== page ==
The Driver's Handbook
Approaching and entering a roundabout
A roundabout is an intersection with an island at its centre. When in a roundabout, you must always keep to the left of the centre island. Roundabouts will be marked with a Roundabout sign and can either be single-lane or multi-lane roundabouts.
When approaching a single-lane roundabout, you must decide which exit you want to leave by:
- if you intend to turn left (leave before you are half way round), you must give a change of direction signal to your left as you approach
- if you intend to turn right (leave after half way round), you must give a change of direction signal to your right as you approach
- if you intend to go straight on, you do not need to give a change of direction signal as you approach.
When approaching a multi-lane roundabout, you must:
- decide which exit you want to leave by
- position your vehicle in the correct lane before you reach the roundabout
- signal (left or right) if you intend turning at the roundabout.
On a multi-lane roundabout, lane arrows and signs will tell you which lane to use, depending on where you want to exit the roundabout.
As a general rule, if you want to take the first exit on the left, you must choose the left lane (Example 44). If you want to go straight on, you can use either lane (Example 45), and if you want to turn right - leaving from the third or any subsequent exits you must chose the right-hand lane (Examples 46 and 47), always remembering to give a change of direction signal.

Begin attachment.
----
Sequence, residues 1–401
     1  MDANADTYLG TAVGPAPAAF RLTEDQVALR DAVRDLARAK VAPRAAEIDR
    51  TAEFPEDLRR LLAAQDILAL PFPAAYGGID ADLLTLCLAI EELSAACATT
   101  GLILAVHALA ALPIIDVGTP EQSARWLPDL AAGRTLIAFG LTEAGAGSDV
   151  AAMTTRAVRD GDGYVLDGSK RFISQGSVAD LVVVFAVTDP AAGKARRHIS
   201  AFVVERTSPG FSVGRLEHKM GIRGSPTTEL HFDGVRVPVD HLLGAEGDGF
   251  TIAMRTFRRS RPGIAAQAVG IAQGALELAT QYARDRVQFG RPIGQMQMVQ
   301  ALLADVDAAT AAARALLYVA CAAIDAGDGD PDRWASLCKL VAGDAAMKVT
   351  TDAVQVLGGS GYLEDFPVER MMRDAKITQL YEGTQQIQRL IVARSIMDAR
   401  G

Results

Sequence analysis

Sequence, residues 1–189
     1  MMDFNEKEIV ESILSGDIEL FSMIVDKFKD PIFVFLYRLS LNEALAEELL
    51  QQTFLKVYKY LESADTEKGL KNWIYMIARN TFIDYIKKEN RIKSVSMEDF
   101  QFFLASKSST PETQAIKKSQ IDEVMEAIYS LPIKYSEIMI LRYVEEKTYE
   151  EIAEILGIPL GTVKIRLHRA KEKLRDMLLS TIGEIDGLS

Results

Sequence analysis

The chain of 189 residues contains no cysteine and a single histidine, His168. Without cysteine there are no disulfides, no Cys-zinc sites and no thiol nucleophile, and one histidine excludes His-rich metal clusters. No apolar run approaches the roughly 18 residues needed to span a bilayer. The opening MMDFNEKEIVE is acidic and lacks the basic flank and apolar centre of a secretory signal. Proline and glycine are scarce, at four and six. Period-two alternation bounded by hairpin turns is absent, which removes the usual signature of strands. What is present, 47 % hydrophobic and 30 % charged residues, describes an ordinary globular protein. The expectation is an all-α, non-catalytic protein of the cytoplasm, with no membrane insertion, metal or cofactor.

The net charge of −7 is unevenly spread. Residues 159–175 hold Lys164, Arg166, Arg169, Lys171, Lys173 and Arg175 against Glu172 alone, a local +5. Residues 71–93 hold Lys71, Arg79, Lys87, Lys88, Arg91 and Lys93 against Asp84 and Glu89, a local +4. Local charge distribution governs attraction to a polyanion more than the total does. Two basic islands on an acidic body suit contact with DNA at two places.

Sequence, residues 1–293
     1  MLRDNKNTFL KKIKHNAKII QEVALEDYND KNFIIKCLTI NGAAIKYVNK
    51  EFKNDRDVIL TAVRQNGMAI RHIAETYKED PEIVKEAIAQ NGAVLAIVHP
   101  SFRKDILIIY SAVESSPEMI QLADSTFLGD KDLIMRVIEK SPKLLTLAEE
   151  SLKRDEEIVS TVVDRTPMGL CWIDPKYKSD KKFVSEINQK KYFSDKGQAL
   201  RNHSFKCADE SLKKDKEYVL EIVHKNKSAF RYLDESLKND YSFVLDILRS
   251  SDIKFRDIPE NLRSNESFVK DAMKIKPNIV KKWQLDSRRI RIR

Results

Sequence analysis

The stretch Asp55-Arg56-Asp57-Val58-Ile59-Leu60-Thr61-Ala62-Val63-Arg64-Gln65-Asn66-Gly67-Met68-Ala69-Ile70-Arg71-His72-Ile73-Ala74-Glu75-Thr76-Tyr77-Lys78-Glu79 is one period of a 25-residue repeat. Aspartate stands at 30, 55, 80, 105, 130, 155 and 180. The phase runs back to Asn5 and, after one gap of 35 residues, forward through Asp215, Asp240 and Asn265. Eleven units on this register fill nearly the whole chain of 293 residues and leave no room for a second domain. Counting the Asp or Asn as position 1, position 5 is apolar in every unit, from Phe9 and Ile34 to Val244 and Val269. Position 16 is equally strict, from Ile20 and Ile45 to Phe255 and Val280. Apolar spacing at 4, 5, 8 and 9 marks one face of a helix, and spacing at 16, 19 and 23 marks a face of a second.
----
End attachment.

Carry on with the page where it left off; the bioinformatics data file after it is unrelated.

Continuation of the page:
You must also choose the right-hand lane if you want to go all the way round and return the way you came.
You must Give Way to vehicles already in the roundabout. You should also take particular care of vehicles approaching or about to enter from your right because they may enter the roundabout before you.
Pedestrians or bicycle riders crossing an exit road at a roundabout must give way to any vehicle or bicycle rider entering or exiting a roundabout.
In a roundabout
At all times, you should signal with your indicators to let other drivers know your intentions. Immediately before leaving the roundabout (i.e. when passing the exit before your exit) you must signal with your left indicator, unless it is impracticable to do so. For example, the roundabout may be too small to allow your indicator to operate. This tells drivers waiting to enter the roundabout where you intend to exit.
Example 44 - if you're turning left, approach in the left lane and give a change of direction signal to the left. Stay in the left lane and turn left.
Example 45 - if you're going straight ahead, use either lane (unless the arrows indicate otherwise). You do not need to give a change of direction signal when approaching or entering the roundabout but should give a change of direction signal to the left, if practicable, immediately before you reach your exit and leave the roundabout.
Example 46 - Turn right as follows:
- approach in the right lane
- give a change of direction signal early to go right
- if safe, enter the right lane of the roundabout
- keep in the right lane around the roundabout
- when passing the road before your exit road, give a change of direction signal to the left
- leave by the right lane of your exit road and
- cancel the left signal.
Example 47 - at a roundabout with five or more entry points you must obey the lane arrows and signs.
Bicycle riders are permitted to turn right from the far left lane on a multi-lane roundabout provided they give way to any vehicle exiting the roundabout. Drivers must remember to look out for those bicycle riders stopped in the left lane who are giving way to exiting vehicles.